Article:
Bryce Walker-Ollins

Bryce Walker-Ollins’ family, support and big city experiences gave him the foundation of diversity.

Walker-Ollins comes from a large family. He has one brother and one sister on his mother’s side and a brother and two sisters on his father’s side.

Although he lived outside of Chicago, Walker-Ollins was immersed in the culture through his parents’ jobs and other family members who lived there.

“I was raised pretty well, and I know that I was a lot more fortunate than a lot of people in my environment,” he said.

Growing up near Chicago allowed him to come into contact with a variety of different people. His background helped him to become comfortable in “a lot of different environments.”

Walker-Ollins came to BGSU because he was looking to go to school out of state.

“It was definitely a culture shock because it was a different state and different people. But the demographic in terms of ethnicity wasn’t very shocking,” he said.

Walker-Ollins’ other involvements on campus go hand-in-hand with his involvement in BRAVE. He is the only member of the Iota Phi Theta Fraternity Inc, which is currently not on the BGSU campus.

“It’s a nationally recognized fraternity, and I am in the process of trying to get it going here,” he said. “A lot of the core values also align (with BRAVE),” he said.

Walker-Ollins is also a member of Knowledge Is Necessary for Growth and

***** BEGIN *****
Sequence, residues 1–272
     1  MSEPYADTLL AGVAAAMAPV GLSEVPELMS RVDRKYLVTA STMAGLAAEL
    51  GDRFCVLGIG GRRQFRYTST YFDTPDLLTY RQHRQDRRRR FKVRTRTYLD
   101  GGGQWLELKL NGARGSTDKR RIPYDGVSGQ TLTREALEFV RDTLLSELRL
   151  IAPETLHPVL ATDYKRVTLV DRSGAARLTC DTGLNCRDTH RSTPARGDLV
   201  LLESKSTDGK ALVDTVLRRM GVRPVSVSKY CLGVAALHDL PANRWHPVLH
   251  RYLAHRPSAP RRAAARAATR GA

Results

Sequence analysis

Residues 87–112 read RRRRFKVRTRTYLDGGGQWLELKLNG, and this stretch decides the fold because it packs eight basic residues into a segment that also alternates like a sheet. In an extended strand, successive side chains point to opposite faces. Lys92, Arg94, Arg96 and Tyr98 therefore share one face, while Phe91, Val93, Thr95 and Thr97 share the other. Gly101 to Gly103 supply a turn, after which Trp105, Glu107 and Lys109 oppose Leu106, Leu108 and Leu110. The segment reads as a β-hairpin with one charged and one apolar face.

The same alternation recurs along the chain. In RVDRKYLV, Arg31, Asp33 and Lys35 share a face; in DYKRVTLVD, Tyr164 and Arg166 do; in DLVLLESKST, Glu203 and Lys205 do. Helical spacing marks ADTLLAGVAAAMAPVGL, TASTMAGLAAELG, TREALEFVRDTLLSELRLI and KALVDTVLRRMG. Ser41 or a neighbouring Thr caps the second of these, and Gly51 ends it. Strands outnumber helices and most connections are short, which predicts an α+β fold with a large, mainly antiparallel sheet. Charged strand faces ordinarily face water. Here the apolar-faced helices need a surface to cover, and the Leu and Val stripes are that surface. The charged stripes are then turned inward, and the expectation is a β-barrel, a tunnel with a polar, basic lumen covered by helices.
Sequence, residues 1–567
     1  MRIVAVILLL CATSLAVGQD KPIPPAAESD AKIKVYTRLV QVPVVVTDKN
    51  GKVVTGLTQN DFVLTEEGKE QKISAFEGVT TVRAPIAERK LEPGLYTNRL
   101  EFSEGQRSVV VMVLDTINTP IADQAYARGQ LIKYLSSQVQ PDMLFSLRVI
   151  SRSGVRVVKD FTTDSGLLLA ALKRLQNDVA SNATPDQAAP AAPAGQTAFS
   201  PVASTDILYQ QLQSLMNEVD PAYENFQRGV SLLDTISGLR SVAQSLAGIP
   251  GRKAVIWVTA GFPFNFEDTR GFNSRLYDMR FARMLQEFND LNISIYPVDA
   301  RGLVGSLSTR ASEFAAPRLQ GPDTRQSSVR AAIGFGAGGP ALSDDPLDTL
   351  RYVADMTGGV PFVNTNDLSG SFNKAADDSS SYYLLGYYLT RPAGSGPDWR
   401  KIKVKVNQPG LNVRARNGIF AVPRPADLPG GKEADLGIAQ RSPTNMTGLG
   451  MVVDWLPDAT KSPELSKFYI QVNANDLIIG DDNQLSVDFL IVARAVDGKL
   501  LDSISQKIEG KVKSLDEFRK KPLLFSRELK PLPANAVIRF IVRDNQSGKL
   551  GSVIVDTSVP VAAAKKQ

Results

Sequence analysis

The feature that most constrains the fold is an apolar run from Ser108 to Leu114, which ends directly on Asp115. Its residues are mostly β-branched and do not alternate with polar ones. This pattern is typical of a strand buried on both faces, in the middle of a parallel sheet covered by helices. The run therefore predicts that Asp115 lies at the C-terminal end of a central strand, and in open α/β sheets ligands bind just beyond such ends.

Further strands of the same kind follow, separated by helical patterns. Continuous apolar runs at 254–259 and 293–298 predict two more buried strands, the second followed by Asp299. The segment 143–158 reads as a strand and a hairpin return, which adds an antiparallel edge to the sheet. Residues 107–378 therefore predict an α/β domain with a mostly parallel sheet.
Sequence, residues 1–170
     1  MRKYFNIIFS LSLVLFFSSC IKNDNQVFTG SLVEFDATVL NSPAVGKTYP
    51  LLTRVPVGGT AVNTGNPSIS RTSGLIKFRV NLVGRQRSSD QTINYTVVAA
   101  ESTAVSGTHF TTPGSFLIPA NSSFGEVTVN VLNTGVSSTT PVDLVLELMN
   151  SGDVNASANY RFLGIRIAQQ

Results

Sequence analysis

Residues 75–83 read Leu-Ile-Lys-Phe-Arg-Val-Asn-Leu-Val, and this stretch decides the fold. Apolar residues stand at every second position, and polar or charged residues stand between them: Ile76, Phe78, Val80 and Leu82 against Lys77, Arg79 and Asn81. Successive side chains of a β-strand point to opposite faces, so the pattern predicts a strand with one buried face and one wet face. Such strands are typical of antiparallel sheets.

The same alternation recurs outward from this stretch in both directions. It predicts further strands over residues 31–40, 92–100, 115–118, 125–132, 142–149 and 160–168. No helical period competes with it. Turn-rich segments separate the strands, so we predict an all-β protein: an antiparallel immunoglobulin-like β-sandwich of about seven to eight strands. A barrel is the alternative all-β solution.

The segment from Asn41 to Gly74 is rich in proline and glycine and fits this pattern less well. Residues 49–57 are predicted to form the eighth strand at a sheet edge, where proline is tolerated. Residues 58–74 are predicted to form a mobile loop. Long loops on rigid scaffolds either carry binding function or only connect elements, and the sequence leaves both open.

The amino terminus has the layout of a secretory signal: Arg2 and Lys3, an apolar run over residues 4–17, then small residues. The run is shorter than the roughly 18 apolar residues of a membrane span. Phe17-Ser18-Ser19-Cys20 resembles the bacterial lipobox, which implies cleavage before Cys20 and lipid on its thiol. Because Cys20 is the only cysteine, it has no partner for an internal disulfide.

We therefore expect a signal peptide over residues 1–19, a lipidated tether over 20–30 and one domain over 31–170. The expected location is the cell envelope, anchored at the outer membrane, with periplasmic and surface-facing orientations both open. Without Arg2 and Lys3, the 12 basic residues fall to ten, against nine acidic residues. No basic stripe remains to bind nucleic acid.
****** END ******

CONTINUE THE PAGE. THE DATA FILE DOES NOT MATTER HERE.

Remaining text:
Success, which is an organization that strives to empower men of color. K.I.N.G.S. focuses heavily on academic and social success, and they aim to make a positive impact on campus and the community.

“We are all kings and we are doing our part in the community,” Walker-Ollins said.

During his time at BGSU, he has been involved with the National Pan-Hellenic Council. He currently serves as the public relations chair for the NPHC, which is the group of historically black fraternities and sororities.

Walker-Ollins is studying visual communication technology. He said his interests range from graphic design to project management to general management.

Walker-Ollins puts his VCT skills to use in his positions of creative director and the director of visual branding for BRAVE.

“I helped out with detailing and creating a business plan, I created our logo and I collaborate with Ellie (Boyle) on some of the graphics for social media,” he said. Boyle is the social media chair for BRAVE. 

Although he is involved with different aspects of BRAVE, Walker-Ollins is currently focused on the business side of the organization.

“I’m concerned about the development of BRAVE, the plan and the steps for us to grow and move forward,” he said. “I’ve been trying to gather the resources and collaborate with everyone else on the board to create a better business plan for us.”

Walker-Ollins has been a part of BRAVE since the organization formed. He said that the first major event he took part in was for Juneteenth — a holiday held on June 19 to celebrate and commemorate the emancipation of enslaved people in the United States. After this event, BRAVE began to take off.

“We all work off of each other, and everyone offers something different on our board,” Walker-Ollins said, “And I think that is one of the original things that BRAVE originated from. We all felt like we had something to offer and we all felt like we had something we could do. We wanted to put our minds together and see where that would take us.”


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